The American Legion Train "Whistler"
The Forty & Eight was founded in 1920 by American veterans returning from France. Americans were transported to the battle front on French trains within boxcars stenciled with a "40/8," denoting its capacity to hold either forty men or eight horses.
The American Legion train was part of many parades and public events in Northwest Oregon during the 60's & 70's as it was shared by four American Legion posts. It was a coveted spot to be able to ride aboard the vehicle which was originally a 1953 Chevrolet flatbed truck with a straight 6 engine. There was never any mistaking the location with the familiar sounds of a steam whistle and the clang of the massive bell.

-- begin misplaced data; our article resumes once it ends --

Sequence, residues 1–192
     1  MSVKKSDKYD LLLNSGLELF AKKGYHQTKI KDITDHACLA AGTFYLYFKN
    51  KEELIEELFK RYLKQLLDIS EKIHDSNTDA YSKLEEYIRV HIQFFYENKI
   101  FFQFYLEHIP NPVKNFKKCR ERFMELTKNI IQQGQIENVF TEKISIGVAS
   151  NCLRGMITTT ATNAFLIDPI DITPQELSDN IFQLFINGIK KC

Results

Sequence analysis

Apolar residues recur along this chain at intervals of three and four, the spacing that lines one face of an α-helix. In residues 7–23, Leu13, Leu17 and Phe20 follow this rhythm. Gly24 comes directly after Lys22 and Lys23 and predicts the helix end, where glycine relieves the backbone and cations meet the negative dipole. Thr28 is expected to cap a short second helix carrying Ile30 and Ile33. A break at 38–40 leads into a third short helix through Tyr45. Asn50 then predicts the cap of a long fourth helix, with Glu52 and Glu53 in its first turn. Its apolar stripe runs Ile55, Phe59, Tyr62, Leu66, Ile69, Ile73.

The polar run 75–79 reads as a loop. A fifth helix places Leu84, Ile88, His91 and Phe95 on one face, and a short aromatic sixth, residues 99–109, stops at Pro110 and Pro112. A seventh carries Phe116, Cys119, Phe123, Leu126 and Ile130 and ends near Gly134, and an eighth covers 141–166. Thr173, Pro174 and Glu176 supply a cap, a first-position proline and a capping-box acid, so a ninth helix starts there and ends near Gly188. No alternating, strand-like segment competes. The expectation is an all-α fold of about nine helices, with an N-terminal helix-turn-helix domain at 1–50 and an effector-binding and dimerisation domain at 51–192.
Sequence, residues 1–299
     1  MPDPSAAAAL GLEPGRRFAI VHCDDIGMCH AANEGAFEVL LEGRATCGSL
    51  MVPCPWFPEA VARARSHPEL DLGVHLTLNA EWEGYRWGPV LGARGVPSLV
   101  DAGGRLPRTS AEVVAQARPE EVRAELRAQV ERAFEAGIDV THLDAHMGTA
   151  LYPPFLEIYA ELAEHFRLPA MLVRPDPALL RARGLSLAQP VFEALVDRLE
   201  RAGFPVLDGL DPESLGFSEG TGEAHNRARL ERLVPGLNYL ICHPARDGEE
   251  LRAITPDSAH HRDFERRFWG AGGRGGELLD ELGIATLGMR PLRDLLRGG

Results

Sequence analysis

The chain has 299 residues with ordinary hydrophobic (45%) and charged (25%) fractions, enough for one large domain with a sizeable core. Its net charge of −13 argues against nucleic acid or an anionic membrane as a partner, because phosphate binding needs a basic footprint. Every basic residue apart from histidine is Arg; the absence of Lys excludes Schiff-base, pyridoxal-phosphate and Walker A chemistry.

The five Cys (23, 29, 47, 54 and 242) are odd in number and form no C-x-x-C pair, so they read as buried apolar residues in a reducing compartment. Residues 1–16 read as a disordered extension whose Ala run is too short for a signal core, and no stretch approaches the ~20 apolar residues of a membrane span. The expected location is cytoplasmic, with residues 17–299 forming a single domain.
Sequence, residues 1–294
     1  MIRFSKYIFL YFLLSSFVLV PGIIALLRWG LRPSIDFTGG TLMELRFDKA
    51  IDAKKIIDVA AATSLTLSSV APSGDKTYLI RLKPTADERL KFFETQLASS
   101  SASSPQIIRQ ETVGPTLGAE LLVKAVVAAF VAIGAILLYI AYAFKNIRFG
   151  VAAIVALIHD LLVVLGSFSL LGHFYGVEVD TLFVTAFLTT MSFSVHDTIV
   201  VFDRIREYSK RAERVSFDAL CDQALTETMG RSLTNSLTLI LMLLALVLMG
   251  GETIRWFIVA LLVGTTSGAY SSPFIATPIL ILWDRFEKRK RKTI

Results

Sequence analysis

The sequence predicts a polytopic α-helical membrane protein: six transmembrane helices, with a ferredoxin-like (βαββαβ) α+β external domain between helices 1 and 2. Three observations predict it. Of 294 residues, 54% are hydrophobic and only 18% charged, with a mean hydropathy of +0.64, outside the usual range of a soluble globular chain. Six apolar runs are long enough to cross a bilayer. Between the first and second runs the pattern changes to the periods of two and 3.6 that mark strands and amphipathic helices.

Almost gone and forgotten I was given the old girl, and have started the restoration to bring her back. After doing a few of these restoration projects already with other vehicles like the 1948 Original Astoria Clown Car, I have found the most feasible way is to get a donor vehicle so the running gear is modern and safe. For the clown car we cut the body off my 2000 ford van and the body was mounted on the frame. It's the game plan for the train...and will be mounted on a frame of a 24 foot (former) motor home.
The Glam Tram
The Texas mini-bus was custom built for the Los Angeles Zoo and used as a people mover during the 60s. In 1971 the tram was sold to a real estate company on the Oregon coast where they used it to move people around to look at potential lots to buy. It broke down after just a few years of use and was abandoned in a shed for decades.